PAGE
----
The unprecedented increase in lesbian representation over the past two decades has, paradoxically, coincided with queer theory's radical transformation of the study of sexuality. In Lesbian Cinema after Queer Theory, Clara Bradbury-Rance argues that this contradictory context has yielded new kinds of cinematic language through which to give desire visual form. By offering close readings of key contemporary films such as Blue Is the Warmest Colour, Water Lilies and Carol alongside a broader filmography encompassing over 300 other films released between 1927 and 2018, the book provokes new ways of understanding a changing field of representation.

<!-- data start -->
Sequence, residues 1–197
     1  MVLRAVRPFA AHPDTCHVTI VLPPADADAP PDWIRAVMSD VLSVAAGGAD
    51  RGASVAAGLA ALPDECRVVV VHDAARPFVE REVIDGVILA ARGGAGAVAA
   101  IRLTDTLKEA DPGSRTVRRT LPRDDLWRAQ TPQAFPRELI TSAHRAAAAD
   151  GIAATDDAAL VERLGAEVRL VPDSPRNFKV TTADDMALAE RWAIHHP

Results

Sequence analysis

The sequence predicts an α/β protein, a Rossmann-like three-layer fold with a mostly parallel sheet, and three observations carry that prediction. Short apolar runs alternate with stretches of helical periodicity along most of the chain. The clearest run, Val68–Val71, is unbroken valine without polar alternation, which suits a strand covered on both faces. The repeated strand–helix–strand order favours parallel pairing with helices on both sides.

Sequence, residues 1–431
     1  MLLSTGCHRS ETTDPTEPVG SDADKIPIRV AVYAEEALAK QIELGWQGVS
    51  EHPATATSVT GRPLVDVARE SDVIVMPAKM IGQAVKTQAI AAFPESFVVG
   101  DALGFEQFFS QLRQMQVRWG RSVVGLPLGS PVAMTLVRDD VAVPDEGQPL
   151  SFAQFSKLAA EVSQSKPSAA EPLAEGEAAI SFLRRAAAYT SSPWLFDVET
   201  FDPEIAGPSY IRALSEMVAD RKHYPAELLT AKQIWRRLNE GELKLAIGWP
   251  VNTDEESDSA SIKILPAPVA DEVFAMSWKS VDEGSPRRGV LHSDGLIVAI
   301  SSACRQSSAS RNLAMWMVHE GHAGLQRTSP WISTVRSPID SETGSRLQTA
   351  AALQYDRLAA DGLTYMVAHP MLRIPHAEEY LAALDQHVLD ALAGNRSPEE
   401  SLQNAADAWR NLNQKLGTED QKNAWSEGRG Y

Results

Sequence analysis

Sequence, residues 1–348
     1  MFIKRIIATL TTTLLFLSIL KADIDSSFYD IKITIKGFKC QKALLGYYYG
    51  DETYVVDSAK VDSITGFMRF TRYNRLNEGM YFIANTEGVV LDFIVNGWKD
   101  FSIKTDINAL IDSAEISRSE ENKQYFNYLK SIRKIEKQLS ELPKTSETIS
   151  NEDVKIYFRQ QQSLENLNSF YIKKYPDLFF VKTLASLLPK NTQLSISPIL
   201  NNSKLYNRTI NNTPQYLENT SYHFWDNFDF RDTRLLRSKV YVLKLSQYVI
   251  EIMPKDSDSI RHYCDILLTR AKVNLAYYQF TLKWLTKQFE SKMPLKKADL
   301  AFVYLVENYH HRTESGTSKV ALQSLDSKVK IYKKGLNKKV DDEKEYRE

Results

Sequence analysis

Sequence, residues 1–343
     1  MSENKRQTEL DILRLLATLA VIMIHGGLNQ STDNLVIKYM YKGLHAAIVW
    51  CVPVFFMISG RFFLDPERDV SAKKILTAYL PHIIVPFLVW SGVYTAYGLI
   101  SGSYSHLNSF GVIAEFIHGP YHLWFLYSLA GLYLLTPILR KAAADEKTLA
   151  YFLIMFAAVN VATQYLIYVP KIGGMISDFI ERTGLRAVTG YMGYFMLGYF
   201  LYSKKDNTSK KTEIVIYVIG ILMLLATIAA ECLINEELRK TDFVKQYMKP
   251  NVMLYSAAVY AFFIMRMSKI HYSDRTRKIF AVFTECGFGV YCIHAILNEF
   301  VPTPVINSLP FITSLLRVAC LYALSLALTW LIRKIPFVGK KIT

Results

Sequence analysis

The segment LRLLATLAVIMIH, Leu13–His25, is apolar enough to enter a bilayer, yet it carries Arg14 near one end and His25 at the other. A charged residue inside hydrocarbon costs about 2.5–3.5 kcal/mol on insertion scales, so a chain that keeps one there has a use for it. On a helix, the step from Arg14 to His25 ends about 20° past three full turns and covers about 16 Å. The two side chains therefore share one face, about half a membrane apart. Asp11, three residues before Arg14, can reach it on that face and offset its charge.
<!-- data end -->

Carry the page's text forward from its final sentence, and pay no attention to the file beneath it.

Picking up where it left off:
Bradbury-Rance resists charting a narrative of representational progress or shoring up the lesbian's categorisation in the newly available terms of the visible. Instead, she argues for a feminist framework that can understand lesbianism's queerness. Drawing on a provocative theoretical and visual corpus, Lesbian Cinema after Queer Theory reveals the conditions of lesbian legibility in the twenty-first century.